Malcolm Poore, Sheringham, Norfolk.

I need advice on replacing the front and rear quarter panels underneath the doors on the M.G. TD & TF. The existing panels are corroded along the bottom edges and most of the supporting wood frame is missing. Is the repair within the scope of DIY? Is there a good book on the subject? (No324)

The best book to date for the home restorer has been written by a home restorer, Horst Schah. The Complete MG TD Restoration Manual will really satisfy the needs of any T-series owner. This book is available from the Octagon Car Club and, in the States from its Publisher, The New England MG T Register Ltd., Drawer 220, Oneonta, NY 13820, USA. David Oldfield will find that the book will answer all of his restoration questions in an easy to read format with more than 250 detailed photos.
Hank Rippert, Charlotte, USA.

It would seem possible to remove and replace damaged quarter panels and main lower timbers on TD and TFs. However, these repairs are not only extremely difficult but nigh on impossible unless the body unit is completely removed from the chassis.

Firstly, the body is capped over the timber frame and covers all relevant screwed joints with the rear quarter panel being welded as a unit to the inner wheel arch which is riveted to the cross panel between the A post hinge timbers.

Secondly, the lower joints to the main timber are screwed from the inside of the car and are covered with body iron making access impossible.

So, the only satisfactory way is to remove the body from the car which will also allow you to fully assess the extent of the rot.
John Beavan, Bartestree, Hereford.
(John has provided David with a somewhat fuller explanation plus diagrams which I will copy and pass on if anyone requires more detail. MT)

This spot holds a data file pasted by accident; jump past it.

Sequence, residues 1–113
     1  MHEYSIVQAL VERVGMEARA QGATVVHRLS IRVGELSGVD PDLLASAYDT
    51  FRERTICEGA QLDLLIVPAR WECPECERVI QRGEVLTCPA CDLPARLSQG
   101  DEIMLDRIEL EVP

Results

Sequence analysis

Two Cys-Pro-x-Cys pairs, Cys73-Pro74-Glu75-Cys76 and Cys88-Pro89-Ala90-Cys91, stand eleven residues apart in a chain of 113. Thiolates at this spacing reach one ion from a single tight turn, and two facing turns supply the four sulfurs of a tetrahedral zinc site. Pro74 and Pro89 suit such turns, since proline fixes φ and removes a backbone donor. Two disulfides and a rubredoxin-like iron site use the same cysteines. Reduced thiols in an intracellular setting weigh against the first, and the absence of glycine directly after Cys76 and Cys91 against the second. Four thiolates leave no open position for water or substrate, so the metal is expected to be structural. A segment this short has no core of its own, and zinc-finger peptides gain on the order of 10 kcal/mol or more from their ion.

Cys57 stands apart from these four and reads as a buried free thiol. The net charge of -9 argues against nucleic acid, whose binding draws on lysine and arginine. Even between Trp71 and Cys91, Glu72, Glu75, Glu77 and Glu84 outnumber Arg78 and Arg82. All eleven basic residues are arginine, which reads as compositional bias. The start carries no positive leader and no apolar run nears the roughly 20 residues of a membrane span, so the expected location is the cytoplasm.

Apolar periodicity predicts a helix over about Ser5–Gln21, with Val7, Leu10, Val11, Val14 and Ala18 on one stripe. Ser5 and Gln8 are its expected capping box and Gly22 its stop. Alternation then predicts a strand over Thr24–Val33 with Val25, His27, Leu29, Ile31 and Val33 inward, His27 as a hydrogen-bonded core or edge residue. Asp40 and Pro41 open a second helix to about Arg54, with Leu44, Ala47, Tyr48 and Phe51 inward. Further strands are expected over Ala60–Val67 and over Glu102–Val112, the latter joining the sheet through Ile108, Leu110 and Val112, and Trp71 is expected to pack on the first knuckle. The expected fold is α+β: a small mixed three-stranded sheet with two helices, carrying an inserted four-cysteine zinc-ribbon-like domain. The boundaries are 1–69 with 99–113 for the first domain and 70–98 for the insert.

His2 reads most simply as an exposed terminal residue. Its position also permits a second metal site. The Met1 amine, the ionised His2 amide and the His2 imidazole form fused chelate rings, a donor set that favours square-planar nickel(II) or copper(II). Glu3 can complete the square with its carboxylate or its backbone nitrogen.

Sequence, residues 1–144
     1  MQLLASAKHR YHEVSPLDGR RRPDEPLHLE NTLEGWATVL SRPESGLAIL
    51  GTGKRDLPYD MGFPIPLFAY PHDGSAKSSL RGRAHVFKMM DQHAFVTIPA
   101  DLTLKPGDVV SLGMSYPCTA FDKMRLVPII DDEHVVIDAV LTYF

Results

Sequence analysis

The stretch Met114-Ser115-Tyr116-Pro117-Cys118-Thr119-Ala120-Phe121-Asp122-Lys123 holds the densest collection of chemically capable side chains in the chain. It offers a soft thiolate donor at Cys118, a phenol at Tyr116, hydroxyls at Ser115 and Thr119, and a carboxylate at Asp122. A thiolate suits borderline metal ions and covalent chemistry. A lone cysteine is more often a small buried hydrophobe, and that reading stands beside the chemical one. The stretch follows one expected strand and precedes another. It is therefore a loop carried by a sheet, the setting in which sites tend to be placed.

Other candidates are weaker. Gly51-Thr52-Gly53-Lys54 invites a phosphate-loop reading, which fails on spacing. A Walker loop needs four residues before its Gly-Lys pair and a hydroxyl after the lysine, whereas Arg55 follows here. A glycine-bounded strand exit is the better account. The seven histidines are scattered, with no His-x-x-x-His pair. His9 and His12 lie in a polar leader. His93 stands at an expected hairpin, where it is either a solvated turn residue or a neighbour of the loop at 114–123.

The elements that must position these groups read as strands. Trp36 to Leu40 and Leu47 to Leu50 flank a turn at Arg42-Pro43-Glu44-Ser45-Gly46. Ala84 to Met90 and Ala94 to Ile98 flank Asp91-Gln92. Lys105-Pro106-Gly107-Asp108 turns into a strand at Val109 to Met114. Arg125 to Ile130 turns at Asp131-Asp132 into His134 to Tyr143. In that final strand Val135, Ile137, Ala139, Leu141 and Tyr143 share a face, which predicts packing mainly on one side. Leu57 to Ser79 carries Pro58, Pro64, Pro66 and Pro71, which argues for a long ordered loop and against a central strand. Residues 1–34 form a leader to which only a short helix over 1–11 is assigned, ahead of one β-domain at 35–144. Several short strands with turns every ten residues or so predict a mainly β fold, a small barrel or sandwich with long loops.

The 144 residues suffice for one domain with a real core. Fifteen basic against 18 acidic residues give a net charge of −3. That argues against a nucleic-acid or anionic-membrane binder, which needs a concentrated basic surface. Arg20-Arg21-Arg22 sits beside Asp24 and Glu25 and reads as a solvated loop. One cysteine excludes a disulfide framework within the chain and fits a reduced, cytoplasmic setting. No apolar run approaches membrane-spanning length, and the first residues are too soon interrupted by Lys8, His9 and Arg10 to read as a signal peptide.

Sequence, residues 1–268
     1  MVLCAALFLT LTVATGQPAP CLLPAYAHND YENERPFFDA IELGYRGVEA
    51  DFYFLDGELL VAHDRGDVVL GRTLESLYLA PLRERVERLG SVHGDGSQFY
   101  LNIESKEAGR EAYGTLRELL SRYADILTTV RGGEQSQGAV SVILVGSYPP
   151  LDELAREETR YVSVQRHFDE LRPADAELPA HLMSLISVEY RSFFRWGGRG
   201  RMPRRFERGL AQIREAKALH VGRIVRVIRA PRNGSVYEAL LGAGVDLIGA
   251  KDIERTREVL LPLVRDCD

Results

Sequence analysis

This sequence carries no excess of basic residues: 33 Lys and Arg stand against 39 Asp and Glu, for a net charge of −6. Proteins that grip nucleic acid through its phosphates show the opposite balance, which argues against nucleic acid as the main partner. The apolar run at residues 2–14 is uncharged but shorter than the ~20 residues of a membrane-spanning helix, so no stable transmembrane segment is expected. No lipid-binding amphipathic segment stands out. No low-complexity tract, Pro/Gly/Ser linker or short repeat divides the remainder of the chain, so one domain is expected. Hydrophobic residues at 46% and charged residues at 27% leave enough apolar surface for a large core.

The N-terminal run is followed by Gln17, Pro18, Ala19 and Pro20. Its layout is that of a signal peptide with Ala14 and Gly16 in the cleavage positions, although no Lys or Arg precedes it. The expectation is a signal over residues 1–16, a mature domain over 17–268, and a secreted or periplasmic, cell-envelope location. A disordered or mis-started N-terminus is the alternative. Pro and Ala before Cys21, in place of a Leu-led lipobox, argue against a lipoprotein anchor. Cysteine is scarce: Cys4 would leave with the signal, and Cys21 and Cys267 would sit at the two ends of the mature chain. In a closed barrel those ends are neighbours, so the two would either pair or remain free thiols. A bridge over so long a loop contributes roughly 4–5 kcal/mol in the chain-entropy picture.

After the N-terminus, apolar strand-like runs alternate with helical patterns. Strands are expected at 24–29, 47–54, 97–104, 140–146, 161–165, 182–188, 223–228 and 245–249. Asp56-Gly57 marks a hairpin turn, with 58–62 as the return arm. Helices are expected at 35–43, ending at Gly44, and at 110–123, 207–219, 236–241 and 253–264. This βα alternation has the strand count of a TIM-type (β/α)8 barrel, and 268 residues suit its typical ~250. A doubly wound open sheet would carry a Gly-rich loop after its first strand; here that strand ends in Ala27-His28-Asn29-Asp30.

In 1993 Carl Cederstrand advised the used of 1/2 carpet padding under the T-series carpet or elsewhere to keep his feet cool. I would like to keep my feet cool during long summer drives in my TF and am considering using Carl's method or the use of Cool-It mat, a more modern, expensive product sold by Demon-Tweeks. Has any member tried either method? (No324)

The cockpit overheating in the TD can be quite overwhelming Carl's comment was in response to my enquiry and I could find nothing on the UK market similar to his suggestion. Maybe the Cool It mat would work but I am somewhat doubtful as the heat is all-enveloping. My answer has been in two parts. Firstly, it was considered that the cast iron manifold was a huge heat sink so this discarded in favour of a 4- branch fabricated manifold. Secondly, this was wrapped with insulating bandage from a company called Agriemach Ltd (see Safety Fast Jan. 97). To date, the bandage has not been adequately tested but the manifold itself has shown a definite improvement. Another idea, which I have not tried, is to fit opening flaps in the bodywork to the rear of the bonnet sides. They were fitted, amongst other cars, I believe to pre-war Riley's and are available, chromed, from my local vintage motor factors.
Malcolm Poore, Sheringham, Norfolk.